But that was about Trump’s past record as a businessman, who evaded taxes, cheated contractors, and duped students at Trump University.

By 2020, Trump will have amassed a record as president.

For the most part, it will be a continuation of the policies that deliver most of the gains to the richest Americans. A strong progressive candidate will be able to make clear the contradictions between what Trump promised and what Trump did—Trump as an ordinary, if intemperate, business conservative who served mainly the rich.

That candidate will be able to ask people if their lives are better. Trump will be the insider. Having enjoyed wall-to-wall control of government for four years, the status quo will be all on him. “It’s gonna be great” will not have the resonance it did in 2016.

Even with an infrastructure program and a relatively short lived fiscal boom in 2017-2018, it’s hard to see Trump doing anything that fundamentally changes the downward slide of the bottom 70 percent. Because of automation as much as trade, it’s hard to see large numbers of high-wage manufacturing jobs coming back. Trump can’t wave a wand or sandbag the EPA and revive coal, because natural gas and solar are already cheaper than coal as a source of electric power.

Strategies that might make a real difference, like higher-paid human service work, debt-free college, a higher minimum wage, a revival of collective bargaining, are precisely the policies Trump opposes.

And by 2020, the symbolic, cultural part of Trump’s populist appeal may well have worn thin. He may deport Mexicans, discriminate against Muslims, he may make civil rights more precarious for African Americans, and even give legitimacy to the haters, making America an uglier place. But nothing Trump can do will bring back the America of the 1950s, when a single factory job paid enough to raise a middle-class family, when blacks and wives knew their place.

The first recent political figure to popularize the word, rigged, was not Trump; it was Elizabeth Warren. In Warren’s use, the system is rigged. You can’t get ahead because good jobs are vanishing, the banking system is stacked, it denies you affordable credit and it puts your mortgage at risk. Your kids can’t get ahead because of the high cost of college, the lousy wages, the unaffordable housing, and the expense of child-care.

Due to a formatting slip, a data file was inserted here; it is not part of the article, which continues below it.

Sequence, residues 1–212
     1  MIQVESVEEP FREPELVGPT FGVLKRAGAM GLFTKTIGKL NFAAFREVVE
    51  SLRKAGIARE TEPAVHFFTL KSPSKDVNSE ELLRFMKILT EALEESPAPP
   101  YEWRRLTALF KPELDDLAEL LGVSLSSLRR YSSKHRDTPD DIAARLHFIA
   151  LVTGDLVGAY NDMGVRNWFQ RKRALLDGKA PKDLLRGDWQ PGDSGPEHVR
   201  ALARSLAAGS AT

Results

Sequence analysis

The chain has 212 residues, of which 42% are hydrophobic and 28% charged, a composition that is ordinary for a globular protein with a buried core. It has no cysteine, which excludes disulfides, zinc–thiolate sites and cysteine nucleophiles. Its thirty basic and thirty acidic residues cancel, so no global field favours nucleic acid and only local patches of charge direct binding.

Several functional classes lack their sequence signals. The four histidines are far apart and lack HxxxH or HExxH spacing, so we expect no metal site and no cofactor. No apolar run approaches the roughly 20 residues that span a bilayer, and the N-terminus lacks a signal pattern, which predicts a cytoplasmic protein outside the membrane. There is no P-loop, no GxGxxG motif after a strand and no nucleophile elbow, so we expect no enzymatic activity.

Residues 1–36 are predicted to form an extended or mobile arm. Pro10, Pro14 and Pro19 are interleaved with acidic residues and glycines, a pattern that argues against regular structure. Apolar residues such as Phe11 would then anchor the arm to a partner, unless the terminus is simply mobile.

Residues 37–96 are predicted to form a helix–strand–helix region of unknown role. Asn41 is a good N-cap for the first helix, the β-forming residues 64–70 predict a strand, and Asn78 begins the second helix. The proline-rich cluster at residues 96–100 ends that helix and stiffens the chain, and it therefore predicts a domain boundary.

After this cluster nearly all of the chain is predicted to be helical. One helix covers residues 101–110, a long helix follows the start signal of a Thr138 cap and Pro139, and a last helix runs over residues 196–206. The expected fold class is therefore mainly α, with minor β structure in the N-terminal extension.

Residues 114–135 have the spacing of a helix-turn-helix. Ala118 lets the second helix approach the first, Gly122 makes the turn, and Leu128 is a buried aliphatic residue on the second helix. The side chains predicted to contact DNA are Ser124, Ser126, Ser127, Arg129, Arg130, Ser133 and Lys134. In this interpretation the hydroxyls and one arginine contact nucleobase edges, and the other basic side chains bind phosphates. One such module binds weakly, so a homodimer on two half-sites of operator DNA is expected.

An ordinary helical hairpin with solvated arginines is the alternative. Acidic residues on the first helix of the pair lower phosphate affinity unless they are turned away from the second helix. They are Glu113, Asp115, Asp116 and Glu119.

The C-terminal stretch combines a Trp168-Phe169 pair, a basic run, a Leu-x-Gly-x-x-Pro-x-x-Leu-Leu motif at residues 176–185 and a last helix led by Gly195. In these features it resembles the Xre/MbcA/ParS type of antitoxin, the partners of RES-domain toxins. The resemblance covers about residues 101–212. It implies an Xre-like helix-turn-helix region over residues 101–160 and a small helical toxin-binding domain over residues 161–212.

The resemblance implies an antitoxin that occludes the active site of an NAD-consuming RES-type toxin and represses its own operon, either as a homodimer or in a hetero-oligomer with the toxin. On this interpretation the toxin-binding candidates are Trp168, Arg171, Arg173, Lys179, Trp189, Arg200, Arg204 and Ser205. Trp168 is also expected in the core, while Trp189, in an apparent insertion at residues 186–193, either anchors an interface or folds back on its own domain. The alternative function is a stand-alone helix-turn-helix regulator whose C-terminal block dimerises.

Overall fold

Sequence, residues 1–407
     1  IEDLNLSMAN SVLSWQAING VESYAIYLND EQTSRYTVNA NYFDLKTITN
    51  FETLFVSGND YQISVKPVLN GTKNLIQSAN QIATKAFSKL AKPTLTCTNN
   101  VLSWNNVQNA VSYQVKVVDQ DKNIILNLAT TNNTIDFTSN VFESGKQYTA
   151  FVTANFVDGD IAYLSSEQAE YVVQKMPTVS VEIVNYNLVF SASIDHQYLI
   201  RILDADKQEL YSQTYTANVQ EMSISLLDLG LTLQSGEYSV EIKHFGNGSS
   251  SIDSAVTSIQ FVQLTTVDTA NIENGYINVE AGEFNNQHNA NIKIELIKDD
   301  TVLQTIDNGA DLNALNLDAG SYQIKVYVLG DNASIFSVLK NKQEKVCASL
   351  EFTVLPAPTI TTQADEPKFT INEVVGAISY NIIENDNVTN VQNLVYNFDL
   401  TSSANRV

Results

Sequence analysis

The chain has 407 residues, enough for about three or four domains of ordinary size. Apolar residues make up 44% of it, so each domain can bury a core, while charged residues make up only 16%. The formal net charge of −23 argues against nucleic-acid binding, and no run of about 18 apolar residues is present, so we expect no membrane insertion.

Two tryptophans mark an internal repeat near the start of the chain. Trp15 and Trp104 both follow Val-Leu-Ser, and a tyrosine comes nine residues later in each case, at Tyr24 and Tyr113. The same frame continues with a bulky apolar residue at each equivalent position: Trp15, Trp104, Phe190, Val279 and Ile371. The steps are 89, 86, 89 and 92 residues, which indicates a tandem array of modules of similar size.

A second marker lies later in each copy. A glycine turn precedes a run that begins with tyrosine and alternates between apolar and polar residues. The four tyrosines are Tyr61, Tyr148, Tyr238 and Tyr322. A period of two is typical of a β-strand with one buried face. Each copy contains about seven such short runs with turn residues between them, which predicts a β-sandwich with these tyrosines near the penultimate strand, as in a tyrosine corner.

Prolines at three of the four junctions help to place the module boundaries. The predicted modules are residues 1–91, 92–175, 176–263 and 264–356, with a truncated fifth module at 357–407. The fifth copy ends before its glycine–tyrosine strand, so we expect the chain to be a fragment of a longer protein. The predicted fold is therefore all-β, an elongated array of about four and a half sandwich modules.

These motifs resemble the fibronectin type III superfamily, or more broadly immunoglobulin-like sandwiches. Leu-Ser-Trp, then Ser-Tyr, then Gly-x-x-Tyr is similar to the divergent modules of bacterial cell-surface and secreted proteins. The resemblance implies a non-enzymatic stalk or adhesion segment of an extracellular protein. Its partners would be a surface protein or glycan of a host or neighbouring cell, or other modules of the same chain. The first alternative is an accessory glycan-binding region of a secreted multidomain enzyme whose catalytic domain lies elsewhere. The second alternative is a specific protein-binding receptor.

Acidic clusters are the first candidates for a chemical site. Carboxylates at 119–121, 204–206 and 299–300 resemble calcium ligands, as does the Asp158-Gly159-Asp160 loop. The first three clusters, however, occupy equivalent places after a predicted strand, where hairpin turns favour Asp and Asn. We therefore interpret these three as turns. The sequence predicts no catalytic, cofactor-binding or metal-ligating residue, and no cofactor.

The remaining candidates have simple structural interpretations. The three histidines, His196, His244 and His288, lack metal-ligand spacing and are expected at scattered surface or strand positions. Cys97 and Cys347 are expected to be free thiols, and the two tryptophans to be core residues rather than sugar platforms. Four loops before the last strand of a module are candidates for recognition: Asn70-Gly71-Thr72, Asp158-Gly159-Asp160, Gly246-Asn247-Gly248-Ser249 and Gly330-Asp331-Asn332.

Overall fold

Warren’s version describes the frustrations of workaday Americans much better than Trump’s. The election wasn’t rigged in Trump’s sense that voter fraud was pervasive or someone messed with the count. It was rigged only to the extent that Republican operatives used Voter ID to make it harder for minority people and poor people to vote, that a bizarre alliance between Vladimir Putin’s hacking and James Comey’s meddling very likely stole an election that Clinton still won by nearly two million popular votes.

So, in 2020, progressive populism a la Franklin Roosevelt could defeat Trump. The Warren-Sanders wing of the Democratic Party, whoever is the candidate, has every reason to insist that it’s their turn, and they will have the energy. Their appeals were far more convincing as the antidote to Trump in 2016 and will be even more so in 2020.

The optimist in me has to believe that Trump won’t quite turn America into a dictatorship, but the realist in me knows that democracy was already gravely weakened in order for Trump to win in 2016. For the next four years, there will be a two-part struggle—to put forth a real populism and to defend and revive democracy itself. Let’s hope that the two parts energize each other.